Asked if he modeled himself on only clean-living musicians, Nugent cited his appreciation of Keith Richards to prove that wasn’t the case. “He’s a walking chemical dump, always stoned,” he said. “But he is so deep … so grinding in emotion and authoritative in his musicality. … Most of my influences got high right in front of me. … The MC5, they were all stumbling, puking, stupid drunk and stoned, and I admired them beyond description. But then it caught up with them. … I watched the drugs and alcohol destroy the energy that I admired, destroy the groove that I admired.”

Nugent described MC5 guitarist Wayne Kramer as a close friend, but “I think to this day, he thinks that dope is essential. … I had a conversation with him not that long ago where we disagreed on the use of marijuana and other intoxicants. … The point is that, lucky me, I could differentiate between the delivery of the things I admired versus the … conduct of those that I admired.”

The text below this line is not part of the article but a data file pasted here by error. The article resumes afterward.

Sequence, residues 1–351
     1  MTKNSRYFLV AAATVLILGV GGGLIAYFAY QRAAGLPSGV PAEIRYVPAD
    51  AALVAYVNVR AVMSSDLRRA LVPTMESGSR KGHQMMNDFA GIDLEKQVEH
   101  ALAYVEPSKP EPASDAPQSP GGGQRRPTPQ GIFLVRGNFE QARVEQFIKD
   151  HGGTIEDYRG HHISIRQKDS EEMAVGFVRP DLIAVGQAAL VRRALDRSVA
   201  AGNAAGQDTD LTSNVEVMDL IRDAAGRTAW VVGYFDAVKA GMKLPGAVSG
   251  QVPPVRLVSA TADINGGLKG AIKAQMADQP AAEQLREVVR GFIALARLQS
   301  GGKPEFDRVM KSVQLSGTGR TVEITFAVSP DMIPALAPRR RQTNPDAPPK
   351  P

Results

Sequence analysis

He noted that “Jimi Hendrix offered me his drugs, and I said no. John Belushi offered me his drugs; I said no. Keith Moon offered me his drugs and alcohol, and I said no. Bon Scott offered me his drugs and alcohol, and I said no. I said no to everybody.”